Snuggled in her Moby Wrap is Pringles’ favorite way to chill.
Going from one child to two is both easier and harder than I expected. Easier because we’ve done this before, so the anxiety we suffered when V was brand new is mostly absent. We don’t freak out over every little cry, burp or fart. We don’t handle her like we’re going to break her. But it’s also harder because V is SO jealous and needy. I knew intellectually that was coming, but seeing it in action is painful. “Hold me, Mommy!” she whines, stretching her arms out to me every time she sees me nursing. I’m trying to include her more, but she’s had a cough for the past week and I don’t want her kissing and touching her sister a lot (doctor’s orders).
We also have our fun moments when V announces, “She’s so cute!” and “She’s so tiny!” If she sees me without Pringles, she asks where she is. In the morning, she climbs into bed with us and looks for her. She also gets angry and demands that I “Put her in HER OWN bed,” and “Put the baby down!” And my favorite: “Mommy, it’s DADDY’S turn to hold the baby.”
Another thing that goes in the “easier than expected” column is having a baby in June when both parents are teachers. Every family should have this time away from work to adjust to and bond with a newborn. Really, we could be more European about our vacations here in America. That Protestant work ethic can be a drag.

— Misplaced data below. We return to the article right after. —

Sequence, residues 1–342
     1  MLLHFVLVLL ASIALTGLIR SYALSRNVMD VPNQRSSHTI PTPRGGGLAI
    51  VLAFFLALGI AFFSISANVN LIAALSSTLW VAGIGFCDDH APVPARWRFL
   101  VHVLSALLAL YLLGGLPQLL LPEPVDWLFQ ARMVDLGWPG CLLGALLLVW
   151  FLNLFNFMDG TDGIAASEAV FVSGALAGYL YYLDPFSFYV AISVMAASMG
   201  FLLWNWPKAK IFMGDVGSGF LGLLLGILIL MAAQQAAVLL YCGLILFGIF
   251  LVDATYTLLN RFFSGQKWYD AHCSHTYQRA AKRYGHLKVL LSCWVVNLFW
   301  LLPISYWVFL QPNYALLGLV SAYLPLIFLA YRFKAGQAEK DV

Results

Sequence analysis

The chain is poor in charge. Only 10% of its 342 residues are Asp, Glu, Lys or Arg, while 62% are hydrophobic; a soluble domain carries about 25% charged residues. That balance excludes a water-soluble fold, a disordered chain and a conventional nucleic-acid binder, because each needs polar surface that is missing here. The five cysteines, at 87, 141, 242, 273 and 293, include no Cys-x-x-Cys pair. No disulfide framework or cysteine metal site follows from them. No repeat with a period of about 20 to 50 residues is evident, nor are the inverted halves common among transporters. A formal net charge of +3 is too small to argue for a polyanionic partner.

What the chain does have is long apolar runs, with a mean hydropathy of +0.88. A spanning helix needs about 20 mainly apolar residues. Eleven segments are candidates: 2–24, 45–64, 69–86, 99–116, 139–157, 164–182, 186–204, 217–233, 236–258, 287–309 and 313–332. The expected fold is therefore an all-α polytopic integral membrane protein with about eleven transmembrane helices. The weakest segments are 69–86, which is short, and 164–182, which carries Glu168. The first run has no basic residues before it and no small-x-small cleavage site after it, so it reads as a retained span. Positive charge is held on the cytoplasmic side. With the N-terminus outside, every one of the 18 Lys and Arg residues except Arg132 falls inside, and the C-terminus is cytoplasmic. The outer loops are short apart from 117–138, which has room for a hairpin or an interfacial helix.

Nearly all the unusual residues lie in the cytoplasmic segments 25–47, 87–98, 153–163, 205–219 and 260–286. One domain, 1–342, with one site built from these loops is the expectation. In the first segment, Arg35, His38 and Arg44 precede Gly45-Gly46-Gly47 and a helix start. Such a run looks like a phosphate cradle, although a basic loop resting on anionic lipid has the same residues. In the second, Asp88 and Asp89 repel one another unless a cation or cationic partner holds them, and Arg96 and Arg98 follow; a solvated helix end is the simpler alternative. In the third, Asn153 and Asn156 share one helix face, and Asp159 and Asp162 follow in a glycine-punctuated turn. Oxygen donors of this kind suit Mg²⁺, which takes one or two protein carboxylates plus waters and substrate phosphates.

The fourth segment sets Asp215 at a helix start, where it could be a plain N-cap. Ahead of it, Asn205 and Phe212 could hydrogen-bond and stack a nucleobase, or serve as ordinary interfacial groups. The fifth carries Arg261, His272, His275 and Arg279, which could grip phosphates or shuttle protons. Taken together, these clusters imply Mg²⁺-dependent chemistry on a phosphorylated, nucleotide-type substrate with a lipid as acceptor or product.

Trust me, we’re working. We’re HUSTLING. I have a new respect for single moms or anyone who does this on her own for any reason. Inevitably, Pringles is fussy at V’s bedtime when I need to lie down with her and read her books, giving her the attention she misses from me during the constant nursing I do. I’m lucky to have a partner to walk the baby around in the Emasculator 5000 so that I don’t have to make either of my children “Cry it out.”
“My children.” “My daughters.” “My girls.” I’m just getting used to the plurals.
And I have to get to work on that birth story while the pain and elation are still fresh in my mind.
I’m feeling unexpected grief as I mourn my childbearing. We are done at two kids because of many factors: age, income, space, concern about world population and global responsibility. In my heart though, or maybe just a result of my hormones, I want another. It’s insanity, but I do. Today we will drive by the hospital on our way to Pringles’ weight check, and I will feel the stab of sorrow that I will never again enter that hospital full of excitement and anticipation. Never walk into my labor and delivery room, see the baby warmer and feel butterflies in my stomach knowing I will meet a new soul in mere hours. Never get another shot of Fentanyl after a long nine months of sobriety. Never bounce on a yoga ball and watch TV with Odie as we breathe through contractions and share our excited nervousness.
Trying to hold on to moments as they pass. Impossible. The Human Condition.
I hold her every second I can, even though I know I’m undermining any attempt to get her to sleep alone in a crib. I can’t help it. My last baby. I can’t let her go.